Only problem with your 'method' of just telling people where you are going and when you 'intend to return' is that people frequently change their mind(s) when travelling. Perhaps they find a great camp site and want to enjoy it for more than 5 minutes, meet up with like-minded people and want to enjoy some quality time etc. If they are in an isolated location and communications are dodgy, then family or friends will (may) advise authorities that they are overdue (perhaps) 1 - 5 days (or whatever) and a search is (may be) mounted. All the time travellers are enjoying their surroundings, relaxed and without a care in the world. Meanwhile search and rescue is in full swing, perhaps 3 - 5 aircraft, 10 - 15 ground vehicles and so on. Search continues for a couple of days, no result. Search Commander has to reassess what if any resources can continue to be utilised as a report of an activated EPIRB has been received 500 - 1000 km away. Does he continue to search for something or someone who may or may not be in trouble, lost, bogged, out of fuel, gone fishing etc against the receipt of an EPIRB activation where most likely someone's life is likely to be at risk.

It is good practice to advise family and friends of your planned itinerary HOWEVER you must also advise that if you haven't returned home by a certain time/date what steps they should take and who they should inform. Any search that is completely unnecessary places search members at risk, incurs substantial cost and wastes valuable resources. Under such circumstances a bill for relative expenses from authorities would be in order.

Too many people are poorly prepared and equipped for remote area travel. They often lack relative experience in such travel and are frequently incapable of vehicle maintenance and preservation. The biggest worry are those who by virtue of their age(s) are sometimes more pre-disposed to certain medical conditions and the further they travel away from the bigger cities etc the less likely they are to find appropriate medical intervention and care.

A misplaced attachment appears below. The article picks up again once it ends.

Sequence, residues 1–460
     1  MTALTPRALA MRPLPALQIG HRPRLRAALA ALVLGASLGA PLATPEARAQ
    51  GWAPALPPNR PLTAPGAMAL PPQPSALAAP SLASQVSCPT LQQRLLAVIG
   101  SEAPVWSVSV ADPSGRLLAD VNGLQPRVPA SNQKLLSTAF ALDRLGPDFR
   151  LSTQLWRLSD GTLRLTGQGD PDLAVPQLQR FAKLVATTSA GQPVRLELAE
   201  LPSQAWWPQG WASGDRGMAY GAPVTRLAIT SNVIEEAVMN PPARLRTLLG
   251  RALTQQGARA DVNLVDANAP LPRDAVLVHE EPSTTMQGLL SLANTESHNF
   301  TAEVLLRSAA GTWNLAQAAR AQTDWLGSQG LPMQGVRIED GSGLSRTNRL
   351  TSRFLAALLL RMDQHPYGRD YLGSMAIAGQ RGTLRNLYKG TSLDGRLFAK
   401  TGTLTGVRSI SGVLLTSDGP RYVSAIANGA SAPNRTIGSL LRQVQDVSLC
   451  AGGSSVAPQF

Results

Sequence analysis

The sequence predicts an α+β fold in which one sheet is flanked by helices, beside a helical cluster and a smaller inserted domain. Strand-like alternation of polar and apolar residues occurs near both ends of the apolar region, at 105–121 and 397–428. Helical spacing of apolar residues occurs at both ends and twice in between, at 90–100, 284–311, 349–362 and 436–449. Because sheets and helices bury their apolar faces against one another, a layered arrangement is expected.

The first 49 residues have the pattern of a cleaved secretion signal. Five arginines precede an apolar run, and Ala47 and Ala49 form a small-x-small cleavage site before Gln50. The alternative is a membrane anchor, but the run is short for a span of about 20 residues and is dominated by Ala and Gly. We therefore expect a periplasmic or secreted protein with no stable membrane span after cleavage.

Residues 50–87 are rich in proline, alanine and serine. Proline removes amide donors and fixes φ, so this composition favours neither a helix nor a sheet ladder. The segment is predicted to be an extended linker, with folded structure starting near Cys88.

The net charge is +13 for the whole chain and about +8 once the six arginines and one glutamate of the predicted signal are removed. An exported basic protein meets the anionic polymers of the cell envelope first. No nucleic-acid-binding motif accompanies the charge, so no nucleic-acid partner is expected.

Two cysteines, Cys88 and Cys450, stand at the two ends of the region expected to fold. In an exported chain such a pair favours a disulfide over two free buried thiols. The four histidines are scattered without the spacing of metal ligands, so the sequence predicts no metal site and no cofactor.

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Follow Up By: Hairy (NT) - Monday, May 26, 2008 at 11:07

Monday, May 26, 2008 at 11:07
Dio,
Im not sure what your point is?
If you tell someone a plan of your trip you stick to it!!!!!
If you have a HF or Sat phone you could call them and change plans, if you cant get them...BAD LUCK.. you keep going as planned.
All of my mates are reliable and are smart enough to decide when help is needed. They know I wouldnt change plans without telling them and I know they will come with help at the best possible time. Thats why theyre mates.
Anyone who did like you suggested and decided to go fishing instead of sticking to their plans deserves to be left on their own. I dont know anyone that stupid and pitty you if you do.
Its really not rocket science.
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Reply By: samsgoneagain - Sunday, May 25, 2008 at 19:06

Sunday, May 25, 2008 at 19:06
who is this doodle. how can you be out of range of hf radio or sat phone
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Follow Up By: Gone Bush (WA) - Sunday, May 25, 2008 at 19:27

Sunday, May 25, 2008 at 19:27
Sam, once more you have demonstrated your level of idiocy.

Brett has possibly done someone a service by bringing their attention to Personal Locator Beacons. The EO Shop has just started offering them for sale.

He didn't mention satphones, just Next G.

If you are injured and your partner does not know how to operate an HF radio, a PLB just needs a flick of a switch.

Brett said he just started working for a SAR organisation. He's just sharing his knowledge. Something you would struggle with.

Brett also put a Thread in here last week offering some items for sale because times were tough in his world. You don't kick a bloke when he's down. If you got rid of those railway sleepers on your shoulders you might start thinking properly.

Sam, why don't you just go, again.

Brett I appreciated your information. Well done mate. Keep posting.

I'm glad I ain't too scared to be lazy
- Augustus McCrae (Lonesome Dove)

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Follow Up By: Member - Brett (WA) - Sunday, May 25, 2008 at 21:06

Sunday, May 25, 2008 at 21:06
Cheers mate. Some people just can't take some good advice these days.

And that's all it is, just advice, it's not like I'm throwing it down people's throats.

Anyhow.......
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Follow Up By: Member - Tony N (WA) - Sunday, May 25, 2008 at 22:59

Sunday, May 25, 2008 at 22:59
why are we still refering to them as EPIRBS the latest ones & I think the ones Brett is refering to are called PLB ( personal locator Beacons) . I have one & I hope I'll never need to flick the switch but as Gone Bush mentioned the info especially when lives are involved is always welcome
Appreciate the info Brett keep posting
Cheers Tony N
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Follow Up By: Pajman Pete (SA) - Monday, May 26, 2008 at 14:08

Monday, May 26, 2008 at 14:08
Ah the macchi - constant speed, variable noise.
Any mug can be uncomfortable out bush

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Reply By: Member - Vince M (NSW) - Sunday, May 25, 2008 at 19:09

Sunday, May 25, 2008 at 19:09
By setting of your epirb it is the same as sending a mayday. That means they can come & take you & your group even if you do not want to go & they do not have to help you in any other way other than to get you to a place of safety. Its then up to you to organize the recovery of your goods.